It’s winter; the days are short and little grows. What time I actually get to spend on my plot, is mainly just digging and clearing and thinking. Lots of standing about; making plans in my head and considering my options for Spring. I spent a whole evening this week just going through seed packets, and listing ones I wanted to buy. And I must remember this frustration, so that when the days start to get longer once more, I make use of that daylight. Not let my laziness waste those precious hours I could be toiling away. I can’t wait to start planting again. As soon as the Christmas festivities have passed, I will be starting my endeavours to ensure a fruitful 2015 on Hill Farm.

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I’d rather be on my allotment

January 2013 was a new chapter in my life. After a two years of helping out a friend, and sitting on the council’s waiting list, I was offered my own plot. My own patch of land. A very over-grown, neglected patch. By taking it on, I would be taking a lot of hard work. But I saw the opportunities and a challenge I could rise to. So I said yes!

And then the hard work begun.

If you remember the Spring of 2013, it was long, cold and pretty miserable. I was spending my weekends digging through grass, nettles and bramble; trying to get the soil in a condition to start actually growing. It was a slog. I carved out small beds so I could get some seeds in the ground. There were hits and misses; some plants were devoured by the wildlife as soon as they were in the ground, some struggled with the long, cold Spring weather. But on I soldiered.

When the first flowers burst into bloom, the seedlings breaking through the earth, I felt real achievement. Four months in and the first fruits of my labours were ripe for picking. I had grown my own food, I had become self-sufficient! Well for a meal or two anyway.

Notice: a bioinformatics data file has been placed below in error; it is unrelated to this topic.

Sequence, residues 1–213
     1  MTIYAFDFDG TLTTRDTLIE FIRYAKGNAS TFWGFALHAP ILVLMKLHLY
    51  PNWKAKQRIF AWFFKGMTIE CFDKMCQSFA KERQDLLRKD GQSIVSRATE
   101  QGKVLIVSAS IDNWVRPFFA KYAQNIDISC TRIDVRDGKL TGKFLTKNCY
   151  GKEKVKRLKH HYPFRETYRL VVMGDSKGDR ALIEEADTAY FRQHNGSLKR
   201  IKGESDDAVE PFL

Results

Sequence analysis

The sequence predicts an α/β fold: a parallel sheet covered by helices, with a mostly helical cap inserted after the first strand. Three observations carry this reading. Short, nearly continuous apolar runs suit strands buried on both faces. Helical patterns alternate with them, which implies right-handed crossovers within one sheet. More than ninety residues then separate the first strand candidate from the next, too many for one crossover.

Then I was hit by an unexpected problem. It was me. Or to be more specific my left hip. The extensive digging had given me trochanteric bursitis. The pain had got so bad, I’d been forced to make a rare visit to my doctors. I was given some medication and told to rest up for 4 weeks. FOUR WEEKS!

Of course by then the long, late Spring had turned into a beautiful, warm summer. I had to stop for a month, but the plot was looking good; plenty of colour and lush green vegetation. So it was time to take it easy and enjoy the scenery devour the produce.

So although my first year plans were curtailed, it was a steep learning curve. But despite all the hard work, the bad weather, the physical pain, the plants that didn’t make it, I had fallen in love with my plot. I often look out of the window on my day job, rain or shine, thinking “I’d rather be on my allotment.”

This is what I took on in January 2013. Much to do!

A lot of digging, and a bad hip, later….

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Summer is ending… its time to plan for Spring!

There is a change in the air. In the last few weeks the mornings have been crisper, the have evenings have come sooner and the sunlight is almost golden just after dawn and before dusk.

Summer is on its way out, and many are mourning it’s passing. 2014 has been a good year, with many long, sunny days. Rarely to humid, and when the atmosphere was it soon broke with thunder and sharp showers. We were then all refreshed, and ready for more glorious rays.

It has been a good year on the plot, and its now harvest time and I am struggling to eat enough to keep up with supplies. This year I have made my first attempt at pickling and chutney, determined not to let goods go to waste. However I have also gifted many courgettes, as they seemed never ending.

But as things are starting to end, most of the cottage blooms have died back and spaces are appearing as I take home the crop, I am working on next Spring.

Already I have biennial seedlings in the greenhouse, and the first of autumn sown flowers have been planted. My next job is to clear the ground to start next years first batch of carrots, onions, spinach & broad beans.

In between chores on my allotment I take a moment to survey my small piece of land. I imagine how things will look, consider what to plant next, work out the next rotation of vegetables. This thinking time is often as long as the physical, and by visualising it I can organise my thoughts and work out what needs to be bought and the tasks ahead. So I never mourn the passing of a season, and in my mind I have already moved on to the next.